BLOG TOUR: False Flag – Rachel Churcher

DISCLAIMER: I WAS SENT A FREE COPY OF THIS BOOK IN RETURN FOR A FAIR AND UNBIASED REVIEWED

‘Trapped. Cornered. And all I can feel is the pain. The bullet against my knee.’

Ketty Smith is an instructor with the Recruit Training Service, turning sixteen-year-old conscripts into government fighters. She’s determined to win the job of lead instructor at Camp Bishop, but the arrival of Bex and her friends brings challenges she’s not ready to handle. Running from her own traumatic past, Ketty faces a choice: to make a stand, and expose a government conspiracy, or keep herself safe, and hope she’s working for the winning side.

What I thought

There’s two parts to this review, the first is of the book itself and the second is where it sits against Battle Ground.

‘False Flag’ follows Ketty Smith, the lead recruit trainer at an army training camp where all of her recruits are teens and are conscripted to be the face of the fight against terrorists in the UK. Her job is to push them into shape, they were barely able to do the warm up lap when they got to the camp and if they fail so does she. But failing means going back to a drunk abusive father in a council flat. The stakes are high for her and that definitely shapes her thoughts. She in no way could be called kind, but thats also not what her job requires. Ketty views any kind of kindness as a weakness that needs to be squished out of her recruits and the two that she’s got her sights set on the most are Saunders (who fell asleep in the first briefing) and Elleman (who is the mother of the group and would be a good recruit if she stopped trying to push the others over the line first).

It’s Elleman (Bex) who really clashes with Ketty though, she stopped during a solo time test to cheer on others and is constantly mothering the group of friends that she’s surrounded herself with. As Ketty thinks many times, the army isn’t a place for mothering and kindness, it’s a place of action and repeatitive training so they could work with anyone. And in their line of work, working with someone means potentially trusting them with your life and with the lives of the public.

This book, compared to the first one, really looks at what it means to be a soldier and to be conscripted. It’s very clear that there is a class difference between Bex and her fellow volunteer soldiers – the trainers- and the teenage conscripted soldiers – the recruits or ‘tiny fighters’ as Ketty calls them. The recruits all come from a posh boarding school, they had career plans to go into medicine, law, or politics. Ketty worked cleaning the dirtiest stuff at a local butchers, as a high school drop out. Her view of the world is very different, for her the army is a way up in the world and her smarts all come from harsh experiences of the world whilst the recruits’ all come from books.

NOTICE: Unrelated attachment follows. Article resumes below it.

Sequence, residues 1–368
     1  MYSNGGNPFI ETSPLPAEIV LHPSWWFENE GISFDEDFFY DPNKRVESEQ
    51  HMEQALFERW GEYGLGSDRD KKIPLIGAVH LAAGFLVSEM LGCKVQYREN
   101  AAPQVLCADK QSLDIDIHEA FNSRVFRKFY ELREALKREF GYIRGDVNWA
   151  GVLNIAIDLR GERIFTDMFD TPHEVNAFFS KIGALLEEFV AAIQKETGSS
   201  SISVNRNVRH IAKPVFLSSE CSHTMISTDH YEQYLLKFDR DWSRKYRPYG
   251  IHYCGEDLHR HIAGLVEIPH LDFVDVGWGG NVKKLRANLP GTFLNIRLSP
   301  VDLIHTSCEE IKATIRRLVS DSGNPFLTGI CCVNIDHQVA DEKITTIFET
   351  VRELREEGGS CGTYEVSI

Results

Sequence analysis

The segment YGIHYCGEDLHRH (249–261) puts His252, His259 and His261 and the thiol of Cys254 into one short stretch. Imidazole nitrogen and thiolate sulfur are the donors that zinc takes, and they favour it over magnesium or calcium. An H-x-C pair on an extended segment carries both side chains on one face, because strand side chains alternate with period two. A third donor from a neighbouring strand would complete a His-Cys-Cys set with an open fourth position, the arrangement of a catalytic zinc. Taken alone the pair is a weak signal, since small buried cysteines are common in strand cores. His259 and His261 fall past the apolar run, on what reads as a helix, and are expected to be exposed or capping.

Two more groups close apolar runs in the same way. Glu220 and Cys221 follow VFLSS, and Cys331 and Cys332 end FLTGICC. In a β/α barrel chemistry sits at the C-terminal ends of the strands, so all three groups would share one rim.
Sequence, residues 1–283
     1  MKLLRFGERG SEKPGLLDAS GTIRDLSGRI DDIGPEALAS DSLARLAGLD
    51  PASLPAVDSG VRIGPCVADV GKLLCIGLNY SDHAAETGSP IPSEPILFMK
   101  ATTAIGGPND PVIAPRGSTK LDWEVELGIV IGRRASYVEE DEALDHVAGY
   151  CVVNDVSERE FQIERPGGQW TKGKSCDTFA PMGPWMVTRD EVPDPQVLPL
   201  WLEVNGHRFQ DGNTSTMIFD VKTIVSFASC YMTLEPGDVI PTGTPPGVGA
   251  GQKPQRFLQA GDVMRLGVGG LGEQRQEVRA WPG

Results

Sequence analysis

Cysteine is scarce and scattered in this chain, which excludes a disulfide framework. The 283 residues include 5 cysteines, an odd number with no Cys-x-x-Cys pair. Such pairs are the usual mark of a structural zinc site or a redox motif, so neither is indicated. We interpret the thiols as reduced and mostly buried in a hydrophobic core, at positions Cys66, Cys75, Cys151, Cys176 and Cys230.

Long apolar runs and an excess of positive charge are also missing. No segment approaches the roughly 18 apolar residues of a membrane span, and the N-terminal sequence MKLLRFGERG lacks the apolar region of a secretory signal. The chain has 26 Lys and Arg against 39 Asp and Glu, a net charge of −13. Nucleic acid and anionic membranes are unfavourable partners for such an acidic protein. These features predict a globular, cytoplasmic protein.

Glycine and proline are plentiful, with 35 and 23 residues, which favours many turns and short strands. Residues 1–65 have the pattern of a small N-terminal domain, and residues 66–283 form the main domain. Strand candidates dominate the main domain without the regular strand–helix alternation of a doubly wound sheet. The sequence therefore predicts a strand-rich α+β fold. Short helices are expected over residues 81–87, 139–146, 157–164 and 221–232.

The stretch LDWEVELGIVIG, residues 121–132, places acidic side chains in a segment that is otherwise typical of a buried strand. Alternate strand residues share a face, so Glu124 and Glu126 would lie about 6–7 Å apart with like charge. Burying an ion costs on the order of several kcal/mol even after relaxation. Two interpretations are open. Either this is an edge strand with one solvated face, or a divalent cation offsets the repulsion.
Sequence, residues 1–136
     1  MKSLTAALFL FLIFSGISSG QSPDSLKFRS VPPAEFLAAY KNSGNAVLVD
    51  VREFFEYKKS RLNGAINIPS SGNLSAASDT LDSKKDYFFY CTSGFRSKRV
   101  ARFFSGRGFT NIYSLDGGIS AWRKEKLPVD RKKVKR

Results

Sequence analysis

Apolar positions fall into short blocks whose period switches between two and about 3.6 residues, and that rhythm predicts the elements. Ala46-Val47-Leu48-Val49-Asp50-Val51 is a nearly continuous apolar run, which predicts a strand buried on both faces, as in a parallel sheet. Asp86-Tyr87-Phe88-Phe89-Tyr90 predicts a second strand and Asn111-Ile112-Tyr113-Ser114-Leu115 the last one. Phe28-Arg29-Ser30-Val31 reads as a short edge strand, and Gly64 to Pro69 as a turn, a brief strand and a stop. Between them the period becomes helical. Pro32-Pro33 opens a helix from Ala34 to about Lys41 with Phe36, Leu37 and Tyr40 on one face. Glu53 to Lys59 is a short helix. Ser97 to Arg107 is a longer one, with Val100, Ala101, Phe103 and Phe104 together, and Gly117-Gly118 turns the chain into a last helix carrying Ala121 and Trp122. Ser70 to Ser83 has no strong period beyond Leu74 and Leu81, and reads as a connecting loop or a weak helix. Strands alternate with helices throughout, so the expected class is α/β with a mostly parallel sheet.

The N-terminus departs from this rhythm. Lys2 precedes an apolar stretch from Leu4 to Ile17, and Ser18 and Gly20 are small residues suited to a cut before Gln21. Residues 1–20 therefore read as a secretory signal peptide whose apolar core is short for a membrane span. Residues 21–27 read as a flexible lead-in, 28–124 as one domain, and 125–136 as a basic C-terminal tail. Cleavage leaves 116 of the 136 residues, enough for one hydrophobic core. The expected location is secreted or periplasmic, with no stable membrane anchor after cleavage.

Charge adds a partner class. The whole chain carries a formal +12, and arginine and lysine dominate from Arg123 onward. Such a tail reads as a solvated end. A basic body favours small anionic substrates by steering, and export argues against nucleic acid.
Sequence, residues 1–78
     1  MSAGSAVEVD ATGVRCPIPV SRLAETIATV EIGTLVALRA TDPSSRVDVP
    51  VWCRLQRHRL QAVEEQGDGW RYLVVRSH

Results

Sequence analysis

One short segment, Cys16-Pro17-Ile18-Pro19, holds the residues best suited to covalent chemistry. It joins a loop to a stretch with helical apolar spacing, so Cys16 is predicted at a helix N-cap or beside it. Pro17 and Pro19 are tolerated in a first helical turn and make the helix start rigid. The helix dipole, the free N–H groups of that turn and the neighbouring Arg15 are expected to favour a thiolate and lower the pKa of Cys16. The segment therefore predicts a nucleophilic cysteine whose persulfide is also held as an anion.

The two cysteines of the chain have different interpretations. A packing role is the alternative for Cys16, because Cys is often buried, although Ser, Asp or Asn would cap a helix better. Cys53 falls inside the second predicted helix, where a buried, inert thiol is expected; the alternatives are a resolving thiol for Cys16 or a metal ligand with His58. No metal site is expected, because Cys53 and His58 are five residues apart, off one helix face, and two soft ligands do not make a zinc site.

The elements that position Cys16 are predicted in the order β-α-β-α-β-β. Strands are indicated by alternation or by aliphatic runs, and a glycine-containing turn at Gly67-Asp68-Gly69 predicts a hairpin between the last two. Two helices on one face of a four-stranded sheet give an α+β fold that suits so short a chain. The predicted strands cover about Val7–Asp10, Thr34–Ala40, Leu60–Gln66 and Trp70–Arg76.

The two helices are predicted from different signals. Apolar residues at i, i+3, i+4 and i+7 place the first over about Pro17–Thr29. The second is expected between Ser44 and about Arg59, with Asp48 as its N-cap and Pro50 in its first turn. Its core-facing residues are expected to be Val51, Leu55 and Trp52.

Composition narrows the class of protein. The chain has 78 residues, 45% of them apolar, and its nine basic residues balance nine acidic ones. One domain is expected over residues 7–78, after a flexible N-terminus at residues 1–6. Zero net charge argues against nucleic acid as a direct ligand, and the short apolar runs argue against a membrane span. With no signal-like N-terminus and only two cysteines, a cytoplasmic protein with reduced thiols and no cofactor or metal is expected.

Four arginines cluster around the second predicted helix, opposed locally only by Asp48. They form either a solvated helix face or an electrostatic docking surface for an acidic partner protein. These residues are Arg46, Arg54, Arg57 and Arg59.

Once again a focus of this book is child soldiers but it’s only mentioned once or twice just how young the recruits are at the beginning. Every now and again I had to remind myself that the people Ketty was complaining about were only 15/16, I think she’s probably only 19/20 but the small difference means a lot at that age plus she had chosen to be there and they didn’t.

This book would completely work as a standalone or as the first book in the series. It taks place over the same period of time and follos the same events as ‘Battle Ground’ but from the antagonists POV. It’s a really interesting move and appears to happen throughout the series, so what would be a trilogy is 6 books. A double trilogy? Like a double helix, intertwined together, two parts of the same coin? (I’ll come up with a better analog by book 3).

While reading this one I found I forgot why I liked Bex in the previous one, she became an annoying kid and someone who clearly didn’t understand how the army works and therefore how she was expected to behave. And that’s the sign of good writing, the previous protagonist has become an annoying side character.

This works because its a look at propaganda, I didn’t like Ketty when I was reading Bex’s POV and I didn’t like Bex when I was reading Ketty’s POV. With the book looking at media and how information is passed on and what slant it gets given; the way the books are written are the best example for what they are looking at.

Why I read it

I was sent a free copy for review but I was intereted in finding out what happened, and even more so when I learnt that it was from Ketty’s POV

Final thought

Churcher pulls off a real trick by giving us exactly the same events but from a completely different view point. I love the idea and as muchas I know that I wouldn’t get along with Ketty as a person she’s a great character because of her depth. She’s not kind or caring but she doesn’t pretend to be and is doing what she can to be one of the good guys

Am I glad I read it? Yes

Did I enjoy it? Yes

Would I read again? Maybe

Would I recommend? Yes

Thanks again to Rachel for organising the blog tour, I’m looking forward to reading book 3.

Rea

3 thoughts on “BLOG TOUR: False Flag – Rachel Churcher

  1. Thank you for a really thoughtful review – I’m so glad you enjoyed the change of Point of View! I have to confess that I adore Ketty, and I’ve really enjoyed writing her parts of the series. It’s great to hear that she’s making some friends out there!

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